Harvindar Singh opens in a new tab, Whole Foods Market’s Local Forager for the Northern California area, hands me a fresh cup of locally roasted coffee just as I greet him at the center of the Friday morning Oakland, CA farmers market. It’s a good, bold roast and takes the chill out of the air. Before I’ve even taken a sip, we are on the move.
“Come over here, I want you to check this out.” Harv motions me towards something I’ve never seen at a market before. A man in rubber overalls reaches into what looks like a derelict hot tub on the back of a rusty pickup and pulls out a still flopping rock cod. He throws it in a plastic bag for an elderly Chinese woman and trades it for a wad of cash. “This is what I love about this market, there’re some really interesting things here. Like all the Asian produce over there,” he motions to a row of Hmong and Chinese farmers. Their tables have familiar crops like carrots and snap peas but are overflowing with peppery greens and fist-sized, wrinkly melons. We weave in and out of different stalls, examining stone fruit and Purple Cherokee heirloom tomatoes. Most of the farmers don’t know what Harv does for a living, but many recognize him as a regular and present him with samples. No one gives him the hard sell, they just offer foods they’re intensely proud of, knowing a taste is all it takes to make the sale.
An Afghan baker drives by just as Harv is explaining the peculiar political history of his native Fiji. He shouts out to Harv, “Hey, you were right about that new market, it’s really picking up, we got a booth now.” “Cool, tell your father I said hello.” “Will do,” says the driver. “Let’s walk over to his booth later, he’s got awesome spinach bolani and sweet pepper jams.” As it turns out, he helped bring this vegan bolani from East & West Gourmet Afghan Food opens in a new tab to the shelves of Whole Foods Market. Since then it has gone national. This is the essence of what being a Local Forager is all about. Harv helps small, local producers advance their business and he introduces food lovers to great flavors. In addition to having a gourmand’s taste buds, he is a savvy businessman and keen marketer, offering as much to the businesses he works with as he does to Whole Foods Market. Harv began his career in local food in 2001 when he moved his family to the Victorian seaport town of Port Townsend, in Washington’s North Olympic Peninsula. He managed the Port Townsend Farmers Market opens in a new tab, growing it into a bustling market with over 50 vendors and annual sales exceeding $700k. His work helped to inspire confidence in the local food system and lead to the adopting of organic practices by many established farmers. He came to Whole Foods Market in 2005 as a marketing and community relations manager and assumed the roll of Local Forager in 2007. Harv also oversees our Local Producer Loan Program opens in a new tab in Northern California. Small businesses can get low interest loans to help them grow. Recent loan recipients include Gelateria Naia opens in a new tab, a California-based gelato maker who introduced a new line of gelato bars, and St. Benoit Yogurt opens in a new tab, who used a loan to expand their production.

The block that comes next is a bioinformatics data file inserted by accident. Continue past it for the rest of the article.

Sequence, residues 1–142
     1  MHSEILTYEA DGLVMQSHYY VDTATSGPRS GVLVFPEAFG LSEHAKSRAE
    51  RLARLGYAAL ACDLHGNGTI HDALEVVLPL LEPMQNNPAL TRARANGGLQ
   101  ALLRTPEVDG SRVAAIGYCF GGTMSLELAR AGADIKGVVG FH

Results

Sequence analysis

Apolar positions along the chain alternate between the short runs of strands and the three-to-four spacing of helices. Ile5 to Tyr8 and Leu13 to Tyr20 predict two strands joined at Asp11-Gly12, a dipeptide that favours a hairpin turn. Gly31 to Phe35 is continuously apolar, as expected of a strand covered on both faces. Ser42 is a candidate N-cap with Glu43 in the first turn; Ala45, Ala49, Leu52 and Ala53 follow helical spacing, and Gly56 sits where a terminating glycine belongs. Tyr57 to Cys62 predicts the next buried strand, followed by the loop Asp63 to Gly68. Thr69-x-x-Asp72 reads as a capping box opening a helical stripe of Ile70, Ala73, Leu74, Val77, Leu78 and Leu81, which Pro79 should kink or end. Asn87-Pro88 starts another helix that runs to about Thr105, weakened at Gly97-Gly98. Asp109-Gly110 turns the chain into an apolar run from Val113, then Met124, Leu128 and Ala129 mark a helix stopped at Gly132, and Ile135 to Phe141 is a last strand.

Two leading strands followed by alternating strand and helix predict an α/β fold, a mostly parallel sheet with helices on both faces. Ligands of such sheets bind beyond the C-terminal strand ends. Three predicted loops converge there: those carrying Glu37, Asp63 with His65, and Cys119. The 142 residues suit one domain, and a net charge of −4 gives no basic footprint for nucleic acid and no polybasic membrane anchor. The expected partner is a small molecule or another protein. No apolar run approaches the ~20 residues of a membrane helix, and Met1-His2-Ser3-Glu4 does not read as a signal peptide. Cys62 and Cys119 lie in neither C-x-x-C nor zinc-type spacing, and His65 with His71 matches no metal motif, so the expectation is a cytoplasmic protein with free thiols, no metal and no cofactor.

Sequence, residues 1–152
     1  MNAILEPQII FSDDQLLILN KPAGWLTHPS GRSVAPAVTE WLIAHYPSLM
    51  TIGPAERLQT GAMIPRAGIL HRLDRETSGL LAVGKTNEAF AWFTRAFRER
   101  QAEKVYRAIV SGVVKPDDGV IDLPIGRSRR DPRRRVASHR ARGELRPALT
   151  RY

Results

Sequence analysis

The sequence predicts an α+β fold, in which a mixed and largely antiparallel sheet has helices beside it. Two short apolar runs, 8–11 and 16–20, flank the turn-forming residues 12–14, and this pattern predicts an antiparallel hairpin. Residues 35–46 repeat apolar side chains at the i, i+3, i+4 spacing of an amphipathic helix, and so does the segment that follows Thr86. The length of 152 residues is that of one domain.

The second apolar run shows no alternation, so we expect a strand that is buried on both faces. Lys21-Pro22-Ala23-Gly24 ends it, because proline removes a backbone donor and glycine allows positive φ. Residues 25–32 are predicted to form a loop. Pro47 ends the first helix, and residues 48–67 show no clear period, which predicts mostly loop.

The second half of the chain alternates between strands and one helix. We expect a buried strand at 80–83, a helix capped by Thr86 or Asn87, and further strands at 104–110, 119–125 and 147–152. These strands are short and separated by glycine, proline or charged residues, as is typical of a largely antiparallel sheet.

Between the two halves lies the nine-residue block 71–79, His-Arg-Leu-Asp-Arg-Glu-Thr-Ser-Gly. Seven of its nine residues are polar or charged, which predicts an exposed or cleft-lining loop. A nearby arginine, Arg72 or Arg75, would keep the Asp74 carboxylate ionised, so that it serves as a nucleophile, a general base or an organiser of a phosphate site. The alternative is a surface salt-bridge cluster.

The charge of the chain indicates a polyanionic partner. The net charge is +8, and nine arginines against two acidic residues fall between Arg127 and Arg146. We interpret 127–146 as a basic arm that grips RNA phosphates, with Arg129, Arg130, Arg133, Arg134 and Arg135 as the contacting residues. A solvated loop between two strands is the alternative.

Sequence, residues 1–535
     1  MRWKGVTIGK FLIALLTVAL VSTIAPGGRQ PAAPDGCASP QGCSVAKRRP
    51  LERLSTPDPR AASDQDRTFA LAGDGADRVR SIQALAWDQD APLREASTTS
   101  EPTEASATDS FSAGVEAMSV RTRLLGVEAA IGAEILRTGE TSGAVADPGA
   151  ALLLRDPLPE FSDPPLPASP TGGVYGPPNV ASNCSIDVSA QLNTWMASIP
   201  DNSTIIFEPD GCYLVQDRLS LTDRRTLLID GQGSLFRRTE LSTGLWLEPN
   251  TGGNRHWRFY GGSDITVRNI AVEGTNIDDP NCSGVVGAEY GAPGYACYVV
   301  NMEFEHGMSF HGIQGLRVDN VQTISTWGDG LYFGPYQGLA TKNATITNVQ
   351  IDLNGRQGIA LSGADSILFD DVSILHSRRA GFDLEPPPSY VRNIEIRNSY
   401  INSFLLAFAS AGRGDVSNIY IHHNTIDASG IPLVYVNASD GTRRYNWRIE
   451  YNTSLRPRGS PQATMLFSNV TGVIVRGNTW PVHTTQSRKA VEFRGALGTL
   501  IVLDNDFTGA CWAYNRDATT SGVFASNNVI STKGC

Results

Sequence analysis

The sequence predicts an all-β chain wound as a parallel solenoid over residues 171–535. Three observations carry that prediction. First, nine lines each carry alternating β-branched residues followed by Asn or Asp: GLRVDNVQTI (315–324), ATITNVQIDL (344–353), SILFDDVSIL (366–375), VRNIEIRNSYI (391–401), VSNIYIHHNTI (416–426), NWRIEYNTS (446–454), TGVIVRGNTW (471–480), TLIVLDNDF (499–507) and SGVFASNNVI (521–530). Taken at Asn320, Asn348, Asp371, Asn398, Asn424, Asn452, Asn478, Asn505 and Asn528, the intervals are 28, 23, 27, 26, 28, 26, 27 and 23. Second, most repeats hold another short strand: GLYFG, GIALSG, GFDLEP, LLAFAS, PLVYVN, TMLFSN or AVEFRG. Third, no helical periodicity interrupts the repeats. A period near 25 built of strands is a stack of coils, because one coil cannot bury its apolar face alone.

Harv says, “The cool thing about this program is it allows these really good businesses access to funds they might not be able to get from a bank.” Although the businesses don’t have to sell to Whole Foods Market, almost all do and Harv is exceptionally hands on with them. He has advised on packaging and displays, introduced vendors to local suppliers for ingredients and, most importantly, is a cheerleader for local producers. Before I leave the market I have three packages of bolani, two packs of thai basil beef jerky and a tiny bag (the kind you get goldfish in) of multicolored, lethally hot peppers. I’ve never had any of it before, and it’s all amazing. I’ll definitely be back for more. Harv has done his job again. Do you have a favorite farmer’s market or farmer’s market experience? We’d love to hear about it. Photo credits: Jennifer Lo